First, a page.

• Y-form front longitudinal members. Each chassis rail carrying the
engine (one per side) branches into a “Y” to form a side sill and half
of the central tunnel. In this regard, the Z4 is similar to the Z8
roadster (though the Z8 structure is of aluminum, the Z4’s of steel).
• The side sills are configured to achieve maximum rigidity within
acceptable bulk. (It’s not acceptable simply to make them huge; this
would cut into passenger space or make the car too bulky.)
• The underbody (floor pan) is designed to spread its strength evenly
over its entire length and width.
• The underbody is further reinforced by two thrust plates, similar to
those employed in the M3 models. The front one is of aluminum, the rear
of steel. Also as in M3s, there are reinforcing braces from the front
suspension’s strut towers to the cowl area.
• High-strength steels are employed extensively for best strength
without excess weight.
• To save additional weight, the hood is of aluminum.
In general terms, the Z4 suspension system applies concepts familiar
from the 3 Series. Now, imagine a further developed system in vehicles
almost 300 pounds lighter and with a significantly lower center of
gravity, and you get an idea of the Z4’s potential. Here are the
Strut-type front suspension. with notable features:
• Forged aluminum lower arms, to reduce unsprung weight and thus improve
ride and handling on rough road surfaces.
• Hollow strut rods, vs. solid; these weight 10% less than conventional
• Relatively large positive caster to improve straight-line stability.
• Wide track – 58.0 in.
Central Link rear suspension, a multi-link concept. The Central Link
from which the system derives its name is a large, curved longitudinal
arm, pivoted directly ahead of the rear wheel’s vertical and horizontal
centerpoint on a large rubber bushing of highly sophisticated design.
Each wheel also has an upper and a lower lateral arm, for a total of
three links per wheel. The system contributes to remarkable handling and
riding comfort, yet is simpler than many multi-link concepts. Salient
• Wide track, 60.0 in.
• Relatively large negative camber angles. Z4s have 2.25˚ negative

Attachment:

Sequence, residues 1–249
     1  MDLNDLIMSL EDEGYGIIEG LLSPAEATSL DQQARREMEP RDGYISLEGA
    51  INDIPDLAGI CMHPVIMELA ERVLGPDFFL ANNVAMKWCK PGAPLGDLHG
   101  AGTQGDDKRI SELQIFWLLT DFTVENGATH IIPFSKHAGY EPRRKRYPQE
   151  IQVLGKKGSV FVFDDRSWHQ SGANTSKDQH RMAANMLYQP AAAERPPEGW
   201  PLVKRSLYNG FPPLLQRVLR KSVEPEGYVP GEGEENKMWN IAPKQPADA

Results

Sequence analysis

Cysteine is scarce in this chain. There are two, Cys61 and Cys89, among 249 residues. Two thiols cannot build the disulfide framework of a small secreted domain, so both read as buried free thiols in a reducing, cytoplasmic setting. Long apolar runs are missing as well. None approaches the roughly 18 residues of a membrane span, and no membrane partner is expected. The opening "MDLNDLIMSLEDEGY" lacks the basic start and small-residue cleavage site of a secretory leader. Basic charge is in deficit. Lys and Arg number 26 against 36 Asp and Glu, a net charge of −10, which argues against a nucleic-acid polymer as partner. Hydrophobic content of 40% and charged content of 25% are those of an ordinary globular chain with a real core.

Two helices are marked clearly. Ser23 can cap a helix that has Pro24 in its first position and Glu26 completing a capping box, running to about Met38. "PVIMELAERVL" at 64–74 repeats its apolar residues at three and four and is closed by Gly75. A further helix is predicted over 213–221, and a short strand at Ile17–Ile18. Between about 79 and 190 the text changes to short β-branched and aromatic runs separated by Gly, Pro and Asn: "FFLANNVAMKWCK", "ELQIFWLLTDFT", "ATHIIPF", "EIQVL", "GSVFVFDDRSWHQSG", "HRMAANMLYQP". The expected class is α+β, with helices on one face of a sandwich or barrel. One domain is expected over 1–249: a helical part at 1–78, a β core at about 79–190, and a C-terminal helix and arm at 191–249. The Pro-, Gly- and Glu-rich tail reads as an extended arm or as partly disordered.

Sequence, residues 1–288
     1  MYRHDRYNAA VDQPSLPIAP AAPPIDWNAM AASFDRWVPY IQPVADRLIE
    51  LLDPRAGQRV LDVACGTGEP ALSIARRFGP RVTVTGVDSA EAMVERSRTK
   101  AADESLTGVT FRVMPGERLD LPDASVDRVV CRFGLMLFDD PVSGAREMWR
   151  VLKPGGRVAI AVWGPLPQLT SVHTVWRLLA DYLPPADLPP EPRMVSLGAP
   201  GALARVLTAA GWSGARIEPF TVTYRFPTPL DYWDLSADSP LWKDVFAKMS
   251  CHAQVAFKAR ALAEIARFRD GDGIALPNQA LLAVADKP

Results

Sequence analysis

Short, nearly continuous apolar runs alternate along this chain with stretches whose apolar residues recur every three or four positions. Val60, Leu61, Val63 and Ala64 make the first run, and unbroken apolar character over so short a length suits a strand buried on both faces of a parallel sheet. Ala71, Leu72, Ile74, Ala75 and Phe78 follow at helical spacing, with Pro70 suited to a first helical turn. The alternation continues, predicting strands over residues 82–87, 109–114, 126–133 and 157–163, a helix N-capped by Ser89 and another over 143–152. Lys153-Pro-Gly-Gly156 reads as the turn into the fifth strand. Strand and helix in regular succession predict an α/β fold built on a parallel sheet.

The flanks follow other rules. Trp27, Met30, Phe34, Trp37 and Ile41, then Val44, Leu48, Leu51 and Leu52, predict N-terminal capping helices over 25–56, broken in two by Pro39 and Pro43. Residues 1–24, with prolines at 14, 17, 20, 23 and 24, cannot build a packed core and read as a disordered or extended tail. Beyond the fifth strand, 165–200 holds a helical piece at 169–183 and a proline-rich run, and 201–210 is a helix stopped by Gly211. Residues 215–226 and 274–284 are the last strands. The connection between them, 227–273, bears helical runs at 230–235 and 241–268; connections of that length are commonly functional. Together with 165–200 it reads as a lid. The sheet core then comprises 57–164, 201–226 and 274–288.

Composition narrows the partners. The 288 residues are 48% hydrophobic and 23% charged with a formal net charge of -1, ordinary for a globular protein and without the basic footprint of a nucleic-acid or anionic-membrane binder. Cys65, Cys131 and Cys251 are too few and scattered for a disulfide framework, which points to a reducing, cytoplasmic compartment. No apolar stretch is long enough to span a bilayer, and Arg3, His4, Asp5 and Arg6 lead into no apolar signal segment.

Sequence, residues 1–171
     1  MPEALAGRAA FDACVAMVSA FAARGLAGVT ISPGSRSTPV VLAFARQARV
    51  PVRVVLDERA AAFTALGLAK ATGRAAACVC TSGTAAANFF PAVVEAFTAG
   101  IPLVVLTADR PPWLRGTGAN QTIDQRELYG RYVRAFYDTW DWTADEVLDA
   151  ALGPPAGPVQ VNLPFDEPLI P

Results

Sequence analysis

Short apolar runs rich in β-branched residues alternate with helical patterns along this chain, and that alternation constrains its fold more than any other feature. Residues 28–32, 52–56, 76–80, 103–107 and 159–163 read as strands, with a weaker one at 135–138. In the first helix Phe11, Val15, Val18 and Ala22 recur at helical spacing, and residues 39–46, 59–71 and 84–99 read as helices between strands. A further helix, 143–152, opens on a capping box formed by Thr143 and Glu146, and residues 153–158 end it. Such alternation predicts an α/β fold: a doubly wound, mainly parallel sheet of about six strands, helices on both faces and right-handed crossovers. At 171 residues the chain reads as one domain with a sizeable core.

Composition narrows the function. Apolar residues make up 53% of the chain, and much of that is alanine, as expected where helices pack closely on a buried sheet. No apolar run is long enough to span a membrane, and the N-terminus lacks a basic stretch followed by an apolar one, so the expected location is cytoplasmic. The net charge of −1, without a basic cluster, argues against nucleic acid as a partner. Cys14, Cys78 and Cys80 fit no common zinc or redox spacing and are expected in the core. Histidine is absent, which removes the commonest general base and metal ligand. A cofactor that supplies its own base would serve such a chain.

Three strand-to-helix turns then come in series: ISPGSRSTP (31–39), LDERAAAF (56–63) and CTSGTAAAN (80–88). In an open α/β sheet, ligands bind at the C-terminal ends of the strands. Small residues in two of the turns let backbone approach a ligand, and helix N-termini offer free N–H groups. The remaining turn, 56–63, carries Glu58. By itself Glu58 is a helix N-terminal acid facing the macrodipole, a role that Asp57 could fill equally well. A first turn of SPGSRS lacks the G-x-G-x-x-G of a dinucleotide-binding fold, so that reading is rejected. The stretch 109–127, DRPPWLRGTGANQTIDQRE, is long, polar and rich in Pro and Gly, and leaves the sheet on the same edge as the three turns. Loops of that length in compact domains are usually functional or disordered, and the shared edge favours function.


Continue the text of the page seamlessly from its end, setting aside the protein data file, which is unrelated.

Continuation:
camber at rest, visible in a slight inward tilt of the tops of the rear
• Extra-firm forward bushings for the subframe that carries the
• Aluminum upper transverse links to help reduce unsprung weight.
Overall suspension calibration. To underscore the Z4’s sporting nature,
relatively firm springs, shock absorbers and anti-roll (stabilizer) bars
have been adapted. This means a firm ride and very “flat” cornering.
Because the standard suspension calibration is inherently sporty and the
standard run-flat performance tires are relatively stiff, the available
sport suspension (included in each model’s Sport Package) does not
employ firmer springs, shock absorbers and anti-roll bars as is
customary with BMW sport suspension. Instead, its only difference is a
15-mm (0.6-in.) lower ride height.
Every Sport Package-equipped Z4 comes with Dynamic Driving Control,
which provides a Sport button on the console that selects –
• Firmer steering effort (less power assist) via the electric power
• Quicker accelerator response via the “drive by wire” throttle system
• In vehicles with automatic transmission, an additional Sport mode
beyond that selected with the shift lever.
steering: innovation with significant benefits
The Z4 incorporates an electric power
steering system: the steering is assisted by an electric servo motor
rather than the conventional hydraulic pump. Among the benefits of this
• Facilitates specific tuning of steering to the vehicle – shock
damping, on-center feel, return to center position, overall steering
feel – via software.
• Vehicle-speed-sensitive power assist (Servotronic).
• Reduced vehicle fuel consumption, because the electric motor operates
only when the steering wheel is turned.
The servo motor applies its assist to the upper portion of the steering
column; its control electronics are in a housing mounted directly to the
The Z4 3.0i gets ventilated rear discs,
and both models have larger-diameter rear discs than those of their Z3
predecessor. Equipment is as follows:
• 2.5i – Ventilated front discs of 286-mm/11.3-in. diameter; solid rear
discs of 280-mm/11.0-in. diameter.
• 3.0i – Ventilated front discs of 300-mm/11.8-in. diameter; ventilated
rear discs of 294-mm/11.6-in. diameter.
BMW has applied two refinements to the handbrake mechanism. One is a
self-adjusting actuating cable, reducing the need for periodic
adjustment; the other is a newly designed cable linkage that ensures
equal handbrake force on both rear wheels.
Every Z4 comes standard with BMW’s
Run-Flat Combination (RFC), an important step forward in personal
safety, convenience and in-vehicle space utilization.
The system consists of self-supporting tires, special wheel rims and a
Flat Tire Monitor. The tires have special sidewalls that include
specific inserts and highly heat-resistant rubber compounds. These
features allow a deflated tire to maintain its essential shape and
guidance characteristics for a considerable distance.
While maintaining the handling and safety standards of high-performance
tires, the RFC system offers these advantages:
No roadside tire changes. It will be seldom, if ever, necessary to stop
and change a damaged tire. When confronted with a flat (a condition
revealed to the driver by the Flat Tire Monitor), the driver can
continue on for up to 90 miles at speeds up to 50 mph until reaching a
safe and/or convenient place to have the tire repaired or replaced.
Tire stays on rim, thanks to specially developed wheel rims.
Stability systems remain functional. All Dynamic Stability Control
functions remain fully in effect, even with a deflated tire.
Increased trunk space. With RFC, no spare is needed, so the trunk can be
Weight savings. The weight of a spare tire is eliminated.